President Trump suggested he may campaign against members of the House Freedom Caucus in the 2018 midterm elections.
"The Freedom Caucus will hurt the entire Republican agenda if they don't get on the team, & fast. We must fight them, & Dems, in 2018!" Trump tweeted Thursday morning.
At least one member of the Freedom Caucus was unfazed by the threat.
"W e appreciate the President, we’re trying to help the President, but the fact is you’ve got to look at the legislation. And it doesn’t do what we told the voters we were gonna do and the American people understand that," said Ohio Rep. Jim Jordan, a founding member of the Freedom Caucus, in a Fox News interview on Thursday, responding to Trump's tweet.
Here are five things you need to know about the House Freedom Caucus.
It was founded two years ago.
The House Freedom Caucus was founded in January 2015 by nine Republicans as an invite-only group with the goal of lobbying for more conservative legislation.
According to its mission statement, "the House Freedom Caucus gives a voice to countless Americans who feel that Washington does not represent them. We support open, accountable and limited government, the Constitution and the rule of law, and policies that promote the liberty, safety and prosperity of all Americans."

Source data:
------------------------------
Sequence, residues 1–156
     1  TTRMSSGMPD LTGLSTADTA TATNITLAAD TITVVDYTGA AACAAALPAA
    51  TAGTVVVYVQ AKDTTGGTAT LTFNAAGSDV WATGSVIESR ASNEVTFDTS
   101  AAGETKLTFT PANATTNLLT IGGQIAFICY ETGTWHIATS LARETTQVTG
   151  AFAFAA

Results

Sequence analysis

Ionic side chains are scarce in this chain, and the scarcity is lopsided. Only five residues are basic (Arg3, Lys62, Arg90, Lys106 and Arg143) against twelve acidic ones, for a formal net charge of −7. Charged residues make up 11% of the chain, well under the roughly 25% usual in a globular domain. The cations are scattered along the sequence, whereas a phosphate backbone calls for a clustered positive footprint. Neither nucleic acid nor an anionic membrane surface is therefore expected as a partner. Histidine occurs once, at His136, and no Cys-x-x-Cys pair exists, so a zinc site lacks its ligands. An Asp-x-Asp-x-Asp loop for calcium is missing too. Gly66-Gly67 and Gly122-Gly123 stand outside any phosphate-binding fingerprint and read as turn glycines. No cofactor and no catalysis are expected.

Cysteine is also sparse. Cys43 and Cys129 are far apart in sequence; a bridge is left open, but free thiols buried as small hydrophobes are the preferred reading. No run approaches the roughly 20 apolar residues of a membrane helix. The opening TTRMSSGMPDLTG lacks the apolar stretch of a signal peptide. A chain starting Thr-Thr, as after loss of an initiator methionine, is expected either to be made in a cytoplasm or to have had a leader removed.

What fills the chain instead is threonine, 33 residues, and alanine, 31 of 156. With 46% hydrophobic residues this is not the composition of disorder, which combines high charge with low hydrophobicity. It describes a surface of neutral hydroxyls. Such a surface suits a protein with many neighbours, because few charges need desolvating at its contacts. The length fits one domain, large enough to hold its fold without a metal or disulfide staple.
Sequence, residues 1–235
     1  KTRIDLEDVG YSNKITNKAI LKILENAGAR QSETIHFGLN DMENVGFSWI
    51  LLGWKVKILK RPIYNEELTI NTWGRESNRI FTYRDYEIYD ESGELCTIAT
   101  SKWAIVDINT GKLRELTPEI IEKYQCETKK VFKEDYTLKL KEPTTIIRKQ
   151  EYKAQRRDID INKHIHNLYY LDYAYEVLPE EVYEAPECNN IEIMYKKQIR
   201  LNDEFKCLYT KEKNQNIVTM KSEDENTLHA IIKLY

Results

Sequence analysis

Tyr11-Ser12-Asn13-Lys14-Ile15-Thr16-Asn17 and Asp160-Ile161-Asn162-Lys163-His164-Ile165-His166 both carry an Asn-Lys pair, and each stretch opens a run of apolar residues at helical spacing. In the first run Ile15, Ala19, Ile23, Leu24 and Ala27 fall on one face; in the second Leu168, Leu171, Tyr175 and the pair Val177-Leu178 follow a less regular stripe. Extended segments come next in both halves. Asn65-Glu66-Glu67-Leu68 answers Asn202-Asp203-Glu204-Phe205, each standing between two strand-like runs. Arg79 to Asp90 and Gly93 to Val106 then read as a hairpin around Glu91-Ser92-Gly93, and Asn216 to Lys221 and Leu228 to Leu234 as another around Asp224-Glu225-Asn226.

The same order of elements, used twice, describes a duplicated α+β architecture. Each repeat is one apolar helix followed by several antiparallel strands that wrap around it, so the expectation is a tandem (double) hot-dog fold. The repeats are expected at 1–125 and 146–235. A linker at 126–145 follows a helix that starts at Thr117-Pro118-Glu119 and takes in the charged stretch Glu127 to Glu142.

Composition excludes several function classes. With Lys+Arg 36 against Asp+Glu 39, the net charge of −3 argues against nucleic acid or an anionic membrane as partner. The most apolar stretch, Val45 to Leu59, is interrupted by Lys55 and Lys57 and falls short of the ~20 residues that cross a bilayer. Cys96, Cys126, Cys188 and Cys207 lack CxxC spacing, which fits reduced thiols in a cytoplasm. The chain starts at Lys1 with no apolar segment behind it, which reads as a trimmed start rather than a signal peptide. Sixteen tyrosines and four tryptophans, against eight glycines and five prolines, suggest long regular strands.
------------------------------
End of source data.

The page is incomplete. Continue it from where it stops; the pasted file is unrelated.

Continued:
The Trump Administration is the first time the House Freedom Caucus has had to make decisions on legislation under a Republican president.
It's not the only ideological group in the House.
The Republican Study Committee, founded in 1973, is a conservative caucus of House Republicans that promotes a limited government and strong national defense. With over 170 members, it's much larger than the Freedom Caucus. Another congressional member organization, the Tuesday Group, is more centrist and was established in 1994.
It has more than 30 members.
Ohio Rep. Jim Jordan, North Carolina Rep. Mark Meadows and Pennsylvania Rep. Scott Perry are the co-chairs of the House Freedom Caucus, which currently has about 32 members, according to the Washington Post. Members of the House Freedom Caucus are among the most ideologically conservative House Republicans, as Pew Research Center found in an analysis of 36 confirmed Freedom Caucus members in 2015.
The caucus has wielded a lot of power in past fights.
The Freedom Caucus played a role in former Republican House Speaker John Boehner's decision to retire in 2015, after the group continued to challenge his leadership. The caucus, which aimed to reduce government spending and oppose policies of the Obama Administration, threatened to shut down the government in 2015, vowing to oppose any spending measure that included funding for Planned Parenthood.
But its actions have also led to some departures.
The group's tactics have proven to be too much for some members. Texas Rep. Ted Poe, one of the original members of the caucus, resigned from the group this week after the failure of the GOP health care bill, voicing disagreement with how the group handled negotiations. "No matter what changes were made, the goal post kept getting moved and then at the end of the day, ‘No’ was the answer," he told Fox & Friends. "And sometimes, you’re going to have to say yes."